How Blogging is Teaching Me About Balance with Writing
Anaїs Nin once wrote, “My ideas usually come not at my desk writing, but in the midst of living.” Ideas don’t wait to come until you’re sitting, ready to write, so I jot down a lot of notes to return to when there is time. If something in the news hits me I spit out my immediate reaction on the page then stop, and return to it later, after I’ve calmed down and can approach it a little more level-headed. When I was an editorial intern I remember reading a few essays that were insightful and necessary and relevant…and too angry to be effective. They reminded me that no matter how passionate I am about a subject, if I don’t step back, let it breathe, check my emotions and revise, my words will read as nothing more than an irritating rant.
This is what’s hard for me about blogging. The very nature of it demands letting go of infinite revision. Some bloggers don’t revise their posts at all and just sit down, write it, and up it goes. Others write short essays, revise them a little, and up they go. We each need to find our own balance, I suppose, which might depend on the purpose of each individual blog. I don’t want to spit out a rant as quickly as possible for the simple sake of posting, only to have a blog comprised of spontaneous emotional outbursts that weren’t given enough time or thought. But I also need to post frequently, regularly, and silence my inner perfectionist to do so. I’ve let too much time pass without posting while waiting for the muse to come and say “This is how it should be done.”
Recently I was watching Robert DeNiro, (because I watch him every chance possible) in an interview on Inside The Actor’s Studio. He talked about how he “was afraid to make a move,” when preparing for a scene and felt like he had to go through some whole complicated creative process to get into the character and scene, and would hesitate, thinking “I have to feel it, I’m gonna have to do this…” A teacher told him simply, “At the end of the day you’ve got to get up and do it. And the sooner you get to knowing that you’ve got to get up and do it, the quicker you’ll do it.” Once he just jumped in he realized he hadn’t needed to pamper himself or go through this or that first: “You’d just arrive there, you’d be there, believe it or not.”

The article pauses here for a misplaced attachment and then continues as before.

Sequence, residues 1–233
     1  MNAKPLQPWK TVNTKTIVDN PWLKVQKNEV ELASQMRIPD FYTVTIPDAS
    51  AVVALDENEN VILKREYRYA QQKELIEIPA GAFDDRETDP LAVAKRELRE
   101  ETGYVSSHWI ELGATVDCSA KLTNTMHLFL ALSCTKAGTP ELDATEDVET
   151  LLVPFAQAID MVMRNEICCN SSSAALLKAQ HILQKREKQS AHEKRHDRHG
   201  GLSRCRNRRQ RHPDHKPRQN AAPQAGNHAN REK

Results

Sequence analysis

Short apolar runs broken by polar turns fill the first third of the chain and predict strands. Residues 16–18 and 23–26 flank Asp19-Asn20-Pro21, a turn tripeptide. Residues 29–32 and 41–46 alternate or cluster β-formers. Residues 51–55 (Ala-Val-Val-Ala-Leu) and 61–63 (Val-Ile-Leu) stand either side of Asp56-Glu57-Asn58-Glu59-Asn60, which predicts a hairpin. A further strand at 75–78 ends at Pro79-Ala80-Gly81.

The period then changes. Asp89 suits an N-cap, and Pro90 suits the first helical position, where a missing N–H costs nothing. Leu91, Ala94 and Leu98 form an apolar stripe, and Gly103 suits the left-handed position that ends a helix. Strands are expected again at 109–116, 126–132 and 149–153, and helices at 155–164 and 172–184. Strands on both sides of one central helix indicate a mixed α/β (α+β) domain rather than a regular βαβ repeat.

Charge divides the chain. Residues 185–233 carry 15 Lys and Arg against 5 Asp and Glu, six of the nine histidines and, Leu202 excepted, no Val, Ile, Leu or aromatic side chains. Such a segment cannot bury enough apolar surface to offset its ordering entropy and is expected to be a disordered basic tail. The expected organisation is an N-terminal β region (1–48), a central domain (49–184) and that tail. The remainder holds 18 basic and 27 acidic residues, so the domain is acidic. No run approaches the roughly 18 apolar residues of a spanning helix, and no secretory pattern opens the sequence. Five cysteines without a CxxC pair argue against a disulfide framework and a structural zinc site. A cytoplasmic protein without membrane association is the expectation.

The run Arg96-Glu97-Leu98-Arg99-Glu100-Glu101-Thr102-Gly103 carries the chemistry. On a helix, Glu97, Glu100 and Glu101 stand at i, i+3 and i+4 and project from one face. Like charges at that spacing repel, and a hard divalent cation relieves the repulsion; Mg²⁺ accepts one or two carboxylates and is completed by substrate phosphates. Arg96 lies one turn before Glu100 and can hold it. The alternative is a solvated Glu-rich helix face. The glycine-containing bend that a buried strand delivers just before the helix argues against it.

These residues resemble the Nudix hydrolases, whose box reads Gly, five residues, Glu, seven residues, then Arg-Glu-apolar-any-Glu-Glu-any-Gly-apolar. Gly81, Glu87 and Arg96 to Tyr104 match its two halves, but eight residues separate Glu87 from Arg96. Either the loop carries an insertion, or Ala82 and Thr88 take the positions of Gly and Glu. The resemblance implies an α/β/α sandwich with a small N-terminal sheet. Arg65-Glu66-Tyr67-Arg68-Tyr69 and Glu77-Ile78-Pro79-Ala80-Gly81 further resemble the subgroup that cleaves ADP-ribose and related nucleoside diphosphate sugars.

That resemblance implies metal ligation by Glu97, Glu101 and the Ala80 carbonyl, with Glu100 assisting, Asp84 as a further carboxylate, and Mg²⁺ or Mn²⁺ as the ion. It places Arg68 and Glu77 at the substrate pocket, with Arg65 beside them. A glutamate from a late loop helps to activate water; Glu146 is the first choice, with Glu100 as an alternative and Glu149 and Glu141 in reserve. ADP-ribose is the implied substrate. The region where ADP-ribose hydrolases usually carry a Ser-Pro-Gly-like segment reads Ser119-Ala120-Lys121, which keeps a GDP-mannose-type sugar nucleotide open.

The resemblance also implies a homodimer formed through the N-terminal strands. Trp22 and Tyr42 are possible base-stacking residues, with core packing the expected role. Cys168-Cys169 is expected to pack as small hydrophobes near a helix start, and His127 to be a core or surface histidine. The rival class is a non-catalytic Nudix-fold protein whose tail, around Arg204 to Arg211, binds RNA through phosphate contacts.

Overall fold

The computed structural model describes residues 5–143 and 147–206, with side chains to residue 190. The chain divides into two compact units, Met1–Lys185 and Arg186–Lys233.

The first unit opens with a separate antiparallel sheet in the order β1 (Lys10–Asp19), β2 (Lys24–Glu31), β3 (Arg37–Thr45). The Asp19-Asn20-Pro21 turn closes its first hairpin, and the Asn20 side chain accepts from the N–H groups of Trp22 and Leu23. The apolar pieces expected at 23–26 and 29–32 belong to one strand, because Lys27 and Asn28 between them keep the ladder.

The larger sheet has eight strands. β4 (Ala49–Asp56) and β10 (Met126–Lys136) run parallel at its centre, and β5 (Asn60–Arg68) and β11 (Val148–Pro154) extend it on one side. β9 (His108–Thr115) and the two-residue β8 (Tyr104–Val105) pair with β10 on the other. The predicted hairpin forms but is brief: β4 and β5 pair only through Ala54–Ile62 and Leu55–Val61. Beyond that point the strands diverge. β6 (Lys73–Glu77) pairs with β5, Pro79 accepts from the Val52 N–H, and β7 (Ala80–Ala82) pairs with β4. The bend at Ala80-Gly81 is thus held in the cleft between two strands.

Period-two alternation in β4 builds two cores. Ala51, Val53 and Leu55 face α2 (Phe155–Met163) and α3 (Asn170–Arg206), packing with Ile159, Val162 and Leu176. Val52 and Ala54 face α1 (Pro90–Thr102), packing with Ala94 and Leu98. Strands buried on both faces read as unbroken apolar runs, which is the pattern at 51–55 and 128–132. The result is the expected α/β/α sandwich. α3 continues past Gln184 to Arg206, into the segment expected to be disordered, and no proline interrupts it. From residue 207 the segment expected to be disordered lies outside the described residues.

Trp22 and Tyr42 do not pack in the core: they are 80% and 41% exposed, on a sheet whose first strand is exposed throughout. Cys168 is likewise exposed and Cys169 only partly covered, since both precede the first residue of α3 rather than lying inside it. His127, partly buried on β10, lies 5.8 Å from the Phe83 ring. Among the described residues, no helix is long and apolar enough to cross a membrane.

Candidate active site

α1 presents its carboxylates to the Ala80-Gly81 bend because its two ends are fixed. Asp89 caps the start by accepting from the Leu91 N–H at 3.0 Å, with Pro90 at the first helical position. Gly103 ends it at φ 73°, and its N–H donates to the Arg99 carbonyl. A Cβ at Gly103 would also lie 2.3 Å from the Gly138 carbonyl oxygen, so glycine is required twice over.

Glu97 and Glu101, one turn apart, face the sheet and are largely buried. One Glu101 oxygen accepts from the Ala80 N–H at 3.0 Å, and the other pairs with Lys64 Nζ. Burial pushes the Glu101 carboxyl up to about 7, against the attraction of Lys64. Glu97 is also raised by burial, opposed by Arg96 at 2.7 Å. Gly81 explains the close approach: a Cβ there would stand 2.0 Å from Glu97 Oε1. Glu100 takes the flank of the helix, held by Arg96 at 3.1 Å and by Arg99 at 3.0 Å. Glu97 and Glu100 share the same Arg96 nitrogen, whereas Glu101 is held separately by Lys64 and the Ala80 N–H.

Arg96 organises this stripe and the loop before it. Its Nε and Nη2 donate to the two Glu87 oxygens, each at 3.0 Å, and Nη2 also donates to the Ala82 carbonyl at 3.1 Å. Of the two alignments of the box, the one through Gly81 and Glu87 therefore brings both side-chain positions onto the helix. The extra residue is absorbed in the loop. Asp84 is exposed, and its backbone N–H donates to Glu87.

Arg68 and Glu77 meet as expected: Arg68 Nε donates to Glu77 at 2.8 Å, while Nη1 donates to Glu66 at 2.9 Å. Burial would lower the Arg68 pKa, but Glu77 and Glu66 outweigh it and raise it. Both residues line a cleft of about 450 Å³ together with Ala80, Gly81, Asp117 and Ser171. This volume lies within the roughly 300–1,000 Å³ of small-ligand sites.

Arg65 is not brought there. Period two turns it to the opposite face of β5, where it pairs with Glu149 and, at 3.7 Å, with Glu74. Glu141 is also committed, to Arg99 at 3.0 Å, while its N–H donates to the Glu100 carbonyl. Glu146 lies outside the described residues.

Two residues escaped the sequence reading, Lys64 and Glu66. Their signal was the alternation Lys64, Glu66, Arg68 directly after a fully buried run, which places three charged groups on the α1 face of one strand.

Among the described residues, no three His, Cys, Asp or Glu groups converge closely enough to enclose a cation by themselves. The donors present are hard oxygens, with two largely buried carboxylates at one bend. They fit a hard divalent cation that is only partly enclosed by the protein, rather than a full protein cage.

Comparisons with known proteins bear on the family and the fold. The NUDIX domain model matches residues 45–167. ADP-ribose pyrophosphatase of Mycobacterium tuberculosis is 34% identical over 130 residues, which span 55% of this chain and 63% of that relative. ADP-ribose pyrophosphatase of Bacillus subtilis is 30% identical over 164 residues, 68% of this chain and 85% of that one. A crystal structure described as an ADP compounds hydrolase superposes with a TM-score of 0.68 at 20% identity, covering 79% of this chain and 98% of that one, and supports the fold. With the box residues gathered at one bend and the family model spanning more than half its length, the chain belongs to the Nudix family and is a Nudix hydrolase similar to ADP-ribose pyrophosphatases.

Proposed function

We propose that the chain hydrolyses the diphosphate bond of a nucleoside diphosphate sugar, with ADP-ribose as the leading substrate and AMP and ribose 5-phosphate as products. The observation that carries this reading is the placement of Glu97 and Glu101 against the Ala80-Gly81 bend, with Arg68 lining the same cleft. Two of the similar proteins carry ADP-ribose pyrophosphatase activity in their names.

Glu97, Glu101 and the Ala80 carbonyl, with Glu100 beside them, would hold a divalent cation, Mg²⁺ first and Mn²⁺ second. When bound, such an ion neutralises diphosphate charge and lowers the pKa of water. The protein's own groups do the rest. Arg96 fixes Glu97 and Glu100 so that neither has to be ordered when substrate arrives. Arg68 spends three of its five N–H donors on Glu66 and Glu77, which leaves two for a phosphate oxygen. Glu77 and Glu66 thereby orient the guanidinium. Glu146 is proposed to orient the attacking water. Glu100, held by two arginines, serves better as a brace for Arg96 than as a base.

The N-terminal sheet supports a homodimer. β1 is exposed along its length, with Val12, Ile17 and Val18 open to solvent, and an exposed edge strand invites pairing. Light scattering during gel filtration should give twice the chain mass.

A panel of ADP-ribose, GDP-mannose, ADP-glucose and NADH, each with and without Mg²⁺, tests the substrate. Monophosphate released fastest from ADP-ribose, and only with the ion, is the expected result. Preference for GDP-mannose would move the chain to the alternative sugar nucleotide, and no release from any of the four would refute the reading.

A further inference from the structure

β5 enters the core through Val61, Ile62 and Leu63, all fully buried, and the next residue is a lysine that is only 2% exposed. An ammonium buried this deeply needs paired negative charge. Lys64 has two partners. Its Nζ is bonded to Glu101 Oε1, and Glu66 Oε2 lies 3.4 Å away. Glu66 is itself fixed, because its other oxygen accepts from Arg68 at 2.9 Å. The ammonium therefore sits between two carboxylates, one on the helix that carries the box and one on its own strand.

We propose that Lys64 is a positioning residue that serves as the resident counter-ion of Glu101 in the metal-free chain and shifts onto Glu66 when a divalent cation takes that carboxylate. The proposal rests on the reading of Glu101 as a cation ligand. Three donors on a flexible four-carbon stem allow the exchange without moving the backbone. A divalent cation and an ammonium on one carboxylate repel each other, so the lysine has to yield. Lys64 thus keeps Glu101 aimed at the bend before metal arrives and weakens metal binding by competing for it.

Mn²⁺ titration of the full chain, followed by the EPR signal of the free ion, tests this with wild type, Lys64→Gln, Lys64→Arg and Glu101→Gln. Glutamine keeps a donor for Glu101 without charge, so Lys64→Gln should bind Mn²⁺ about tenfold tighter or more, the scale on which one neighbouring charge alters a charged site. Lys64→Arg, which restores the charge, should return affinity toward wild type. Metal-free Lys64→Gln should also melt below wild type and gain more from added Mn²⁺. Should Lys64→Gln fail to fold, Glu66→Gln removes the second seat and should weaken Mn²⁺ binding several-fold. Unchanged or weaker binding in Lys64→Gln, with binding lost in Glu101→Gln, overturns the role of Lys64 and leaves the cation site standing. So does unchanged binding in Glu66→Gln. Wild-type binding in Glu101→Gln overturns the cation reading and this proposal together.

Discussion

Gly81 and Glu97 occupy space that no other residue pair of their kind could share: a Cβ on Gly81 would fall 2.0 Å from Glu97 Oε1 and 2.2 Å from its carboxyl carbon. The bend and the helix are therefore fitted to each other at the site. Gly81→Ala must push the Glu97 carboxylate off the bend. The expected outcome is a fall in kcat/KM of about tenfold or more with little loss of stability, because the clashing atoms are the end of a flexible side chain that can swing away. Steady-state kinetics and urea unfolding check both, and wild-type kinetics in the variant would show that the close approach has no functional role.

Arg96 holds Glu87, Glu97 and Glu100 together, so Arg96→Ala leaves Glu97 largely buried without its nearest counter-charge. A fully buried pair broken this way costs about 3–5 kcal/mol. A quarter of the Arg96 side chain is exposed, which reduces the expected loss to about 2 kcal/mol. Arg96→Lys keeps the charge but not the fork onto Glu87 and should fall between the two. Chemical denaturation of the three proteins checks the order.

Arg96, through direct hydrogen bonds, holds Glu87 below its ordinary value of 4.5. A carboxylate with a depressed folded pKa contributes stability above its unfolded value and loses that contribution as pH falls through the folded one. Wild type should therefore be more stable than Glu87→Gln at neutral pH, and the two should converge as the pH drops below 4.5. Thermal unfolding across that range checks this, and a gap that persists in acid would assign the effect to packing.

Okay. Simple enough. Just sit down and write. I’ve got a great idea and all the emotion in the world to fuel the writing, and can get myself to sit down and just write it. But I can’t always stop there, and do sometimes have to go full speed ahead, take a breather, then come back. What I’m finding though, is that something lights a fire under me so I sit down and spit out my rant. Then I back off to let out some emotion and let in (hopefully) some rationality…and then while I’m letting it brew, I discover someone else has written something very similar, or taken an idea similar to one I had and was sitting on, but they actually did something with it. Which, of course, elicits another annoying voice that says “Well, now you’ve done it. You’ve waited and someone else wrote it and now you can’t, lest it look like you are taking someone else’s ideas due to the lack of your own.” Great. Allow me a moment, if you will, to respond to that voice: Shut the hell up.
A few nights ago I called my friend L to get her opinion on a post I was writing. News of Representative Akin’s comments on “legitimate rape” was spreading across websites like a trojan horse, and though I often remain silent on the idiotic things politicians say, this was an immediate and ferocious blast of isolated thunder for me; my fingers could hardly keep up with my thoughts. It seems a couple people misunderstand the word “empathy,” so I wanted to demonstrate how they might come to better understand it, but was worried that it might be a little graphic for a blog post, so I read it to her to see what she thought. Then today I get online and see an article responding to the same thing, with a couple paragraphs written the same way I wrote mine. And all is lost. Surely I can’t write it like that now, when someone has already done it the same way.
I fired off one of those “I can’t believe this!” texts to my friend, who has encouraged me to finish and post it anyway. And I will. For one thing, there is a similarity, but so what? We argue two different points, both valid. If we all stopped writing essays and books and songs and films because someone had already tackled that subject before or written it that same way before, we’d be missing out on a lot of good work. Anaїs Nin also wrote that “It is the function of art to renew our perception. What we are familiar with we cease to see. The writer shakes up the familiar scene, and, as if by magic, we see a new meaning in it.” So someone wrote something the way I wanted to and they beat me to it. So what. I’m learning my writing needs distance and time – just not too much.
I’m going to put my that little insecurity to bed, finish the piece, and post it soon.